Doing Business 2014: global rankingsDate posted: 05.12.2013 | Author: Harry Bovensmann
World Bank‘s Doing Business Report 2014: Understanding Regulations for Small and Medium-Size Enterprises assesses regulations affecting domestic firms in 189 economies and ranks the economies in 10 areas of business regulation, such as starting a business, resolving insolvency and trading across borders.
This year’s report data cover regulations measured from June 2012 through May 2013. The report is the 11th edition of the Doing Business series.
Case studies highlighting good practices in 6 of the areas measured by Doing Business indicator sets are featured in the report: the role of minimum capital requirements in starting a business; risk-based inspections in dealing with construction permits; the cost structure in getting electricity; single window systems in trading across borders; e-filing and e-payment in paying taxes; and e-courts in enforcing contracts.
This year’s report presents a separate chapter about research on the effects of business regulations. There is a rapidly growing body of empirical research examining the impact of improvements in many of the regulatory areas tracked by the Doing Business indicators, and this chapter provides a useful—and encouraging—synthesis.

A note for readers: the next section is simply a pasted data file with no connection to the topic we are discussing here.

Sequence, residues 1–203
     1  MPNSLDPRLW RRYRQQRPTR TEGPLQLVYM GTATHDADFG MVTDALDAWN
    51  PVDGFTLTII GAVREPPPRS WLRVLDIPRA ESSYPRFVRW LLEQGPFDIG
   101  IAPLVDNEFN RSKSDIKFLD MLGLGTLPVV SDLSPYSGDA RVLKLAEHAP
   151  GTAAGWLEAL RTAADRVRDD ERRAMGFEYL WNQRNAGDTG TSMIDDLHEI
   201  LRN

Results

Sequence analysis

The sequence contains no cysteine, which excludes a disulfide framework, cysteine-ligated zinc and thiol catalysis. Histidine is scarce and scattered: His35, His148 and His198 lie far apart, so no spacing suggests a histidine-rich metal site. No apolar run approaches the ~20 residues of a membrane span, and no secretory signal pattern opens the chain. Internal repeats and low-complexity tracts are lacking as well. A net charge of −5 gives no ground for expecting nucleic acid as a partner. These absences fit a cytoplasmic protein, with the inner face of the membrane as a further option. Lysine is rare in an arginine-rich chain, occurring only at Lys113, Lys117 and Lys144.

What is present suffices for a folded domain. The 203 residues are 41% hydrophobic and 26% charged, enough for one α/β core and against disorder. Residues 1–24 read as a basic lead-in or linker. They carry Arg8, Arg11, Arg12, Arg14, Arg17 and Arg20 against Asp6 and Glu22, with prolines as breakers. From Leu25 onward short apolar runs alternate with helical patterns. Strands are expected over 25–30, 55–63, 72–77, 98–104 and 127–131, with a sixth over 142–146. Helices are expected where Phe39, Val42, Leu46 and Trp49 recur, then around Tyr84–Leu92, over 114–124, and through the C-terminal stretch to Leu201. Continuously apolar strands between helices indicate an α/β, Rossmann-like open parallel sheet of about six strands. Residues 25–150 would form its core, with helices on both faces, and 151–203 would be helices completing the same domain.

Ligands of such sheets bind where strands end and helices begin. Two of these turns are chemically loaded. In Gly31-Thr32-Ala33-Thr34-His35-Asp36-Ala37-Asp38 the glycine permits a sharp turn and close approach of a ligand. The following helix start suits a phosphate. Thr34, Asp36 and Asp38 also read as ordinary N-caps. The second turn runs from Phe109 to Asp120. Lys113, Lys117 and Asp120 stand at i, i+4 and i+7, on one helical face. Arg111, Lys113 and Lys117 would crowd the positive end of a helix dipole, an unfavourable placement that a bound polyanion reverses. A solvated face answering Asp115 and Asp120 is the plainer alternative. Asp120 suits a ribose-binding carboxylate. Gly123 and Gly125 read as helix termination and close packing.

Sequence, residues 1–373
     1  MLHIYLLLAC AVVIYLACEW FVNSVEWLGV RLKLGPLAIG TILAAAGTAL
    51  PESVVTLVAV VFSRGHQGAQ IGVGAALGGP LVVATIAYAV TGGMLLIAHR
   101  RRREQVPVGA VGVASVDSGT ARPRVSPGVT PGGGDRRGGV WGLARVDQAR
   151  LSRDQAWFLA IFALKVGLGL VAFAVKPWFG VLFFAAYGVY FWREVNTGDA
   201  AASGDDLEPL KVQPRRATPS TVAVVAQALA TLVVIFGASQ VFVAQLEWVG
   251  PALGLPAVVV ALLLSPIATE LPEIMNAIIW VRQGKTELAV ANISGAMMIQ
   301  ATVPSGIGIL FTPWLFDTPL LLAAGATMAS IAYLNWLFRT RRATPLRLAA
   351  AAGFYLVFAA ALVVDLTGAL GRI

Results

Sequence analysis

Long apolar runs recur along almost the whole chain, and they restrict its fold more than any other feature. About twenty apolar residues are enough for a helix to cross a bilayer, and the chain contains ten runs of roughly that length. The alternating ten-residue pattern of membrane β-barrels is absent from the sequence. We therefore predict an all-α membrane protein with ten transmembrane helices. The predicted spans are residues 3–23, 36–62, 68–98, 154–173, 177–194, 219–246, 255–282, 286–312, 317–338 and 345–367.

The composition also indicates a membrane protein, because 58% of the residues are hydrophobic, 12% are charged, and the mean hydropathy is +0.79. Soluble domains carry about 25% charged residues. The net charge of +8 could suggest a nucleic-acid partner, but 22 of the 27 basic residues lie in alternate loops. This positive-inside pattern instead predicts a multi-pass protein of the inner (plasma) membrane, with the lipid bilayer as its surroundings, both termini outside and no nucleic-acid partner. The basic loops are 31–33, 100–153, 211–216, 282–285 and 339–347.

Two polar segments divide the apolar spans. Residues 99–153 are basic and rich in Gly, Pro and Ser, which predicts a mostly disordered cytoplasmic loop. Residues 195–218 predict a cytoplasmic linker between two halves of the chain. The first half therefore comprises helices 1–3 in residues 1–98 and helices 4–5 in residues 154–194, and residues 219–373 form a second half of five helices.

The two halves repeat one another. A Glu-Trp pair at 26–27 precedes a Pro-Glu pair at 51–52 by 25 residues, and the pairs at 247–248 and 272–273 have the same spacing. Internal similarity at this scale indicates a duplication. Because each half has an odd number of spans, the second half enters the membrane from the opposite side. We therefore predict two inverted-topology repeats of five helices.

Sub-Saharan Africa is home to 9 of the 20 economies narrowing the gap with the regulatory frontier the most since 2009. Low-income economies narrowed this gap twice as much as high-income economies did. On the ease of doing business South Africa ranks 41st.
Singapore topped the global ranking on the ease of business joining it on the list of the top 10 economies with the most business-friendly regulatory environments are Hong Kong SAR, China; New Zealand; the United States; Denmark; Malaysia; the Republic of Korea; Georgia; Norway; and the United Kingdom.
Worldwide, 114 economies implemented 238 regulatory reforms in 2012/13 making it easier to do business as measured by Doing Business – 18% more reforms than in the previous year. For the first time data has been collected this year in four economies: Libya, Myanmar, San Marino, and South Sudan.